Developing an evidence assessment framework and appraising the academic literature on migrant health in Malaysia: a scoping review

A.W. de Smalen*, Z.X. Chan, C.A. Lopes, M. Vanore, T. Loganathan, N.S. Pocock

*Corresponding author for this work

Research output: Contribution to journal(Systematic) Review article peer-review


Background A large number of international migrants in Malaysia face challenges in obtaining good health, the extent of which is still relatively unknown. This study aims to map the existing academic literature on migrant health in Malaysia and to provide an overview of the topical coverage, quality and level of evidence of these scientific studies. Methods A scoping review was conducted using six databases, including Econlit, Embase, Global Health, Medline, PsycINFO and Social Policy and Practice. Studies were eligible for inclusion if they were conducted in Malaysia, peer-reviewed, focused on a health dimension according to the Bay Area Regional Health Inequities Initiative (BARHII) framework, and targeted the vulnerable international migrant population. Data were extracted by using the BARHII framework and a newly developed decision tree to identify the type of study design and corresponding level of evidence. Modified Joanna Briggs Institute checklists were used to assess study quality, and a multiple-correspondence analysis (MCA) was conducted to identify associations between different variables. Results 67 publications met the selection criteria and were included in the study. The majority (n=41) of studies included foreign workers. Over two-thirds (n=46) focused on disease and injury, and a similar number (n=46) had descriptive designs. The average quality of the papers was low, yet quality differed significantly among them. The MCA showed that high-quality studies were mostly qualitative designs that included refugees and focused on living conditions, while prevalence and analytical cross-sectional studies were mostly of low quality. Conclusion This study provides an overview of the scientific literature on migrant health in Malaysia published between 1965 and 2019. In general, the quality of these studies is low, and various health dimensions have not been thoroughly researched. Therefore, researchers should address these issues to improve the evidence base to support policy-makers with high-quality evidence for decision-making.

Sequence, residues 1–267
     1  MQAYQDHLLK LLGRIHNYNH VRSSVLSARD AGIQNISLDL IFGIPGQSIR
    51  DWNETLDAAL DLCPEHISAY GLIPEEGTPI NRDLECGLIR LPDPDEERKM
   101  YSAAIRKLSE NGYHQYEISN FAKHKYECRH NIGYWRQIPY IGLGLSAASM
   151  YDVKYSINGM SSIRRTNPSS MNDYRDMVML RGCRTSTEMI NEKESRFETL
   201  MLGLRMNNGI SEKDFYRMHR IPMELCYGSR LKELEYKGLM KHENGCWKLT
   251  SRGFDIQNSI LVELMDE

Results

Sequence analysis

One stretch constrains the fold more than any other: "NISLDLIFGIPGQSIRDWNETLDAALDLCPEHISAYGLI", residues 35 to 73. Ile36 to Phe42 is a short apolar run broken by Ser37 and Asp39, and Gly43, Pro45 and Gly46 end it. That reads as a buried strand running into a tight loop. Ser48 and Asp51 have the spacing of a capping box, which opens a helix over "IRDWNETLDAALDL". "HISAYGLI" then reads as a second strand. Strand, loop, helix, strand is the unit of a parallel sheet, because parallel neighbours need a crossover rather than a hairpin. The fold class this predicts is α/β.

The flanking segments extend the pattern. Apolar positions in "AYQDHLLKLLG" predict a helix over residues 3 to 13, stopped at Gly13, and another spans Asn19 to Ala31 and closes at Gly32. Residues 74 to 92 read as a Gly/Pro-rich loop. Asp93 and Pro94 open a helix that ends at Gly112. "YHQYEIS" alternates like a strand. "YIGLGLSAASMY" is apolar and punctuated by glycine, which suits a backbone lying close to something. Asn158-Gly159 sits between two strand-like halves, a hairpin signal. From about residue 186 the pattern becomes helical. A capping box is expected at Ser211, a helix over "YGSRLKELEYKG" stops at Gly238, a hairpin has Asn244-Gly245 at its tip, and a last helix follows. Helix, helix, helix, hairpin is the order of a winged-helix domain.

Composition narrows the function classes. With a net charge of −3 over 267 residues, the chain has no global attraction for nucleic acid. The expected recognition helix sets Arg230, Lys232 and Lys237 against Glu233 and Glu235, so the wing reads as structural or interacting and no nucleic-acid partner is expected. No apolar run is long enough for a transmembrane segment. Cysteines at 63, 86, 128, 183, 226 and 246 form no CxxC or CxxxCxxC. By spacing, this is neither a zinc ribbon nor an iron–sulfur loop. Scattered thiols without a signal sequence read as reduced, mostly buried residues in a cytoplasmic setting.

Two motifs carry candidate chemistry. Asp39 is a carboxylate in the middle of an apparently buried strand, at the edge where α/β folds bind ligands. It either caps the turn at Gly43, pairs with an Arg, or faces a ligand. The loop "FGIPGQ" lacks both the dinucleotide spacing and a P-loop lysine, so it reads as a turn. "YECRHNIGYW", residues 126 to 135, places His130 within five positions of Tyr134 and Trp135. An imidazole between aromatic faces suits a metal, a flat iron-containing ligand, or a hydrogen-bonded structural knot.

Original languageEnglish
Article number041379
Number of pages34
JournalBMJ Open
Issue number1
Publication statusPublished - 1 Jan 2021


  • construction workers
  • food handlers
  • health services administration &amp
  • inequality
  • kuala-lumpur
  • management
  • manufacturing-industry
  • musculoskeletal pain
  • prevalence
  • public health
  • research methods
  • sabah
  • seroprevalence
  • statistics &amp
  • tuberculosis

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